‘60 Minutes’ Talks with Florida Shuttle Workers

For 44 years, the CBS television news magazine ‘60 Minutes’ has set the bar for high-quality investigative reporting. Continuing the tradition, CBS correspondent Scott Pelley traveled to Bevard County, FL, where more than 7,000 men and women, many of them IAM members, lost their jobs when President Obama and NASA cancelled the manned space program.

In Hard Landing,’ workers, spouses and their neighbors describe the devastation that followed the decision to terminate the program that launched its first mission in 1981. The 7,000 layoffs at the space center triggered at least 7,000 additional layoffs in the surrounding community, bringing the area’s official unemployment figure to a staggering 11 percent.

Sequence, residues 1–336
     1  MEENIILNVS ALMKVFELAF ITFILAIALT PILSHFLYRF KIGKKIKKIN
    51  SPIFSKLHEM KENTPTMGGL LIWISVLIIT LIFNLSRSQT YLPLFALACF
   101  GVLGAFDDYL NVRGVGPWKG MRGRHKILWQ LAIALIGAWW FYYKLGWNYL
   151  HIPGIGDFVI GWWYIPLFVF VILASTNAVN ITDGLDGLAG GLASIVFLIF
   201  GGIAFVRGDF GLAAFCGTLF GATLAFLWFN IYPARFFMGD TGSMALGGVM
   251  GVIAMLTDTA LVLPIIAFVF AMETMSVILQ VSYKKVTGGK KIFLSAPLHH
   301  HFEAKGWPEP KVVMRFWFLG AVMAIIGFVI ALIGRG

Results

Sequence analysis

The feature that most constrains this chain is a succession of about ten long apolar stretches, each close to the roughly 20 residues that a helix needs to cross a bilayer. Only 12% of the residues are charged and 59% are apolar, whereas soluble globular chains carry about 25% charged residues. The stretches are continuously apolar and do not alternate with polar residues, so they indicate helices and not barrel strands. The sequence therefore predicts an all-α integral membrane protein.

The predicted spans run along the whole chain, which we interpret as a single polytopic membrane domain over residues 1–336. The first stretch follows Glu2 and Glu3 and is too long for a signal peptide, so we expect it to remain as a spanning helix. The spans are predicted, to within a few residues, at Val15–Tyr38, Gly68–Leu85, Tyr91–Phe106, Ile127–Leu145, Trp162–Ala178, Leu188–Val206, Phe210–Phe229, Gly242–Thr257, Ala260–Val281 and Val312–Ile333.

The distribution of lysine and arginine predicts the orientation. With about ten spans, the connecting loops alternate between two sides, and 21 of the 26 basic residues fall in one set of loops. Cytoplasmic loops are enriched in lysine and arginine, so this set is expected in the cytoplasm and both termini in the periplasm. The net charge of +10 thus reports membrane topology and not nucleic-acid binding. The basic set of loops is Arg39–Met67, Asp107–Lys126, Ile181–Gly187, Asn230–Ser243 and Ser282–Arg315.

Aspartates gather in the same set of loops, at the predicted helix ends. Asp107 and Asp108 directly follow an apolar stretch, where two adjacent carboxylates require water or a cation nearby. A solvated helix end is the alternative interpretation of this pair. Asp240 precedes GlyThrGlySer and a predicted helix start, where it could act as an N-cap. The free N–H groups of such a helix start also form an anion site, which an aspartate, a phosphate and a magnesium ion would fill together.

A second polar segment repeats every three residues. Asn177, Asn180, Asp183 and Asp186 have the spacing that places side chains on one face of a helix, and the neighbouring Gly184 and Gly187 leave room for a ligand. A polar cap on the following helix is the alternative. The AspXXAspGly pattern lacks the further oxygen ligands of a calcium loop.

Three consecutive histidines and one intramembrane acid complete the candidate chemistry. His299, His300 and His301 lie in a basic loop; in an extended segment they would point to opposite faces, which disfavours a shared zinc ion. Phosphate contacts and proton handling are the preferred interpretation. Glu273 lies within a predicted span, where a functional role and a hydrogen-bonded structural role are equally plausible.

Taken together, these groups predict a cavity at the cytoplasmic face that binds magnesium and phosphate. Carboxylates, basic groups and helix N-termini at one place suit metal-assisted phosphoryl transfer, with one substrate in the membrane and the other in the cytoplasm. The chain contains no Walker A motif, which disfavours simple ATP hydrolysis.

One after another, workers describe the pride they felt in being part of the space program, arguably the greatest engineering accomplishment of all time. “It was the experience and the job of a lifetime,” declared crane operator Lou Hanna, who bluntly admits to being angry over the decision to terminate the shuttle program. “It doesn’t have to end this way. I mean it, it just doesn’t make sense. It doesn’t compute.”

Many like Hanna expected to transfer their skills and their enthusiasm to Constellation, the shuttle’s follow-on program.  But in 2010, President Obama cancelled Constellation and outsourced the development of a new spaceship to private enterprise. Then, Congress cut the funding for the Obama plan in half. At the very least it will be 5 years before America flies astronauts again.

Among the compelling interviews in ‘Hard Landing’ is one with Florida bankruptcy attorney Carole Bess, who describes meeting with workers considering suicide over their inability to pay their bills: “They felt like failures. You know, “Here I am. I can’t pay my debts. And I’m probably worth more dead than alive, if I have life insurance.”

Click here to view ‘Hard Landing.’